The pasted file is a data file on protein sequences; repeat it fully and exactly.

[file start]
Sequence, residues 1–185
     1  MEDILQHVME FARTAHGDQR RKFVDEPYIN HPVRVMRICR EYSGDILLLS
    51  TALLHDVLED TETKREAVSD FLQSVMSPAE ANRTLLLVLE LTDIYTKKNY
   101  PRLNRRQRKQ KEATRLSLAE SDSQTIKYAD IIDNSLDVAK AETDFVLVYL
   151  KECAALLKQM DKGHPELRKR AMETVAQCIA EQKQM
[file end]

Sequence, residues 1–185
     1  MEDILQHVME FARTAHGDQR RKFVDEPYIN HPVRVMRICR EYSGDILLLS
    51  TALLHDVLED TETKREAVSD FLQSVMSPAE ANRTLLLVLE LTDIYTKKNY
   101  PRLNRRQRKQ KEATRLSLAE SDSQTIKYAD IIDNSLDVAK AETDFVLVYL
   151  KECAALLKQM DKGHPELRKR AMETVAQCIA EQKQM